Most calculus students do not realize that the area of a trapezoid is the average of the area of two rectangles. Areas of trapezoids come up in calculus when approximating the value of a definite integral, where the focus of the lesson is on improving the approximation. As a side note, I sketch a diagram of the trapezoid with the rectangles along with the formula that students recall for the area of a trapezoid (b1+b2)h/2, and add (b1•h+b2•h)/2. “I never thought of it that way!” is a common student reaction.

It has been some time since I taught geometry, and I looked up an NCTM Illuminations resource for finding the area of a trapezoid. The resource suggests different proofs for the area formula, and incorporating the notion of averages can provide another perspective.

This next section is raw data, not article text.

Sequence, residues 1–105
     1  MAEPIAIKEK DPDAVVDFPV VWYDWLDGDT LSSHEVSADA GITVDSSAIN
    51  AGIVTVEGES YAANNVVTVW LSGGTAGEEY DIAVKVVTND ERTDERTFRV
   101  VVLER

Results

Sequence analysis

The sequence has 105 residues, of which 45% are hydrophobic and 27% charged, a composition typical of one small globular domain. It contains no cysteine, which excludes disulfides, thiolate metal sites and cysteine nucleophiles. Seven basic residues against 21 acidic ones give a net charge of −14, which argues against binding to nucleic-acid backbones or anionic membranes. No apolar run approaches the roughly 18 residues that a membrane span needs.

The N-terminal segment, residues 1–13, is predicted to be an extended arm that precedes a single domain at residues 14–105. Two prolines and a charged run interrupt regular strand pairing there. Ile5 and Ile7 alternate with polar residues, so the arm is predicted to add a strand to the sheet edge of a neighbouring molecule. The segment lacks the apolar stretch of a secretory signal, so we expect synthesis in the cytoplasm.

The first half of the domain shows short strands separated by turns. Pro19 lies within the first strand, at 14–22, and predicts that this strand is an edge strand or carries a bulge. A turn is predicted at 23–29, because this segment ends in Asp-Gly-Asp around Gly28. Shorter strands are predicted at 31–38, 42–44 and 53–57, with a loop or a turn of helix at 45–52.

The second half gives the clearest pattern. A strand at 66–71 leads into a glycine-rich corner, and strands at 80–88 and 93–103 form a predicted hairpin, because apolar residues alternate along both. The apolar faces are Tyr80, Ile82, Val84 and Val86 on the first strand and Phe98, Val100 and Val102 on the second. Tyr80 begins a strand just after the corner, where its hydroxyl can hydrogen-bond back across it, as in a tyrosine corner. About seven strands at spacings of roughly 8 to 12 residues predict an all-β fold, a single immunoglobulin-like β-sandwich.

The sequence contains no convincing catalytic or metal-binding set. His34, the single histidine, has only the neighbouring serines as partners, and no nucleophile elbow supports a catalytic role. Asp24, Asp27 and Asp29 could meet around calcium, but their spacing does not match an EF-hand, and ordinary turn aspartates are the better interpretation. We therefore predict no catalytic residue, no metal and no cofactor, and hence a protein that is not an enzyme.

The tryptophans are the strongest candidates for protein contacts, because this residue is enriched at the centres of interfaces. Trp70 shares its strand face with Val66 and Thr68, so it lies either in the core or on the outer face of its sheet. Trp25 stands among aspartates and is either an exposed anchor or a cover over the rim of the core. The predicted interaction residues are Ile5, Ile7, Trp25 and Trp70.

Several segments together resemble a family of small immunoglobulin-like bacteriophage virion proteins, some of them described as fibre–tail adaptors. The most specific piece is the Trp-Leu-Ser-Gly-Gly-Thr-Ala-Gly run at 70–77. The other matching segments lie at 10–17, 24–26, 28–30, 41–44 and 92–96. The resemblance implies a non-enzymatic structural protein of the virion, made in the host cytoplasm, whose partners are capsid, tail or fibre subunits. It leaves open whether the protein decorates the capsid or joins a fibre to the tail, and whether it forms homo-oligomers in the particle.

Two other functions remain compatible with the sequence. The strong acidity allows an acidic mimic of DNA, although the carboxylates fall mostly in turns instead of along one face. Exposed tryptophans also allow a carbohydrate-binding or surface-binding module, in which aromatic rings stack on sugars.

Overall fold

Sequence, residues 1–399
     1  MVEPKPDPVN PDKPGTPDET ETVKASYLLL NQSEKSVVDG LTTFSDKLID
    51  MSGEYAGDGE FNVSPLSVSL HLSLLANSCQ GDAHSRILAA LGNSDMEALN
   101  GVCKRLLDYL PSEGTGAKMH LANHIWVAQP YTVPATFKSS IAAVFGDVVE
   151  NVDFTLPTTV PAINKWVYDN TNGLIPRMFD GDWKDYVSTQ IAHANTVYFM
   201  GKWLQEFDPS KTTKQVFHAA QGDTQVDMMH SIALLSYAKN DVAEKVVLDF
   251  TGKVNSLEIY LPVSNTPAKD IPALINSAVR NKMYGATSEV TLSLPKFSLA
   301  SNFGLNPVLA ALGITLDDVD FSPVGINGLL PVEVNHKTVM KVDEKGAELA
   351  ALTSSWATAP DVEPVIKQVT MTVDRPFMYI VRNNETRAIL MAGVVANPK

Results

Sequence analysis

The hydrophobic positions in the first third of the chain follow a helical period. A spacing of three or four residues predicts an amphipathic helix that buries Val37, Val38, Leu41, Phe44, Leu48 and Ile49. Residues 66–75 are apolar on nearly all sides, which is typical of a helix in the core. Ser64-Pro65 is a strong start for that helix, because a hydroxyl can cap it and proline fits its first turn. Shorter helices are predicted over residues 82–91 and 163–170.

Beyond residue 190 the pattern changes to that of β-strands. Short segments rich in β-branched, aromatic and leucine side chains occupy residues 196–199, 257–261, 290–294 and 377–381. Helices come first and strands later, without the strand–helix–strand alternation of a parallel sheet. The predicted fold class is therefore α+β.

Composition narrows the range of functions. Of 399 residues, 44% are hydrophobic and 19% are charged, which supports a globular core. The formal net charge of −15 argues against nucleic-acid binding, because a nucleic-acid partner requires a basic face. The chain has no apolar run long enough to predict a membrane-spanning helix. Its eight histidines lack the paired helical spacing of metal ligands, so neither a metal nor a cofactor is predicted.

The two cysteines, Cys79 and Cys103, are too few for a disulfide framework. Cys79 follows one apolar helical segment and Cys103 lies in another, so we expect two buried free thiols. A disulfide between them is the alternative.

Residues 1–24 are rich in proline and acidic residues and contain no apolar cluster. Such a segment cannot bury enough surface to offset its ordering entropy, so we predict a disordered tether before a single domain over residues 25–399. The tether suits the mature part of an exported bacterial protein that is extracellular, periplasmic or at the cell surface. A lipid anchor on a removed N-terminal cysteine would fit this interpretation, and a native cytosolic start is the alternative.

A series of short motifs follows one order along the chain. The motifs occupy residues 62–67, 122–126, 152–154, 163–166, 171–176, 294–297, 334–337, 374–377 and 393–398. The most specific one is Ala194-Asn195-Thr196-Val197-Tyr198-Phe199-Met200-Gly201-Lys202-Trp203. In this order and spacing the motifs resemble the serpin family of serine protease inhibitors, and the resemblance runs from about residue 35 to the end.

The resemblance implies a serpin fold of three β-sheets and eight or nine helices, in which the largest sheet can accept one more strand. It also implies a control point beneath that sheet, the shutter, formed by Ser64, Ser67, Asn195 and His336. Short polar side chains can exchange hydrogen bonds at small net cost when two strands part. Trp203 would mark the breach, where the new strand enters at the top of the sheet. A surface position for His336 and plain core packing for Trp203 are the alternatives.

The simple diagrams can help geometry students build convincing arguments about the relationship between the areas of the trapezoid and the rectangles:

In calculus, the trapezoids students use in approximating integrals have two right angles as shown below. It might be easier for geometry students to make observations using the following series of diagrams instead.

Whether students model with paper by cutting and rearranging the pieces or use measurement as their tool, I believe it would help them get away from memorization and get closer to seeing formulas from a meaning-making perspective.

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The single picture that really solidified, for me, the area for the trapezoid was one that took the original trapezoid and a copy. The copy is rotated 180 degrees and put against the first. The result is a very long parallelogram. And from there I slapped my forehead and

of courseit had to be that.LikeLike

Good point Joseph, and for students who might need help with the visualization, rearranging two identical cutouts of the trapezoid would get them to see it.

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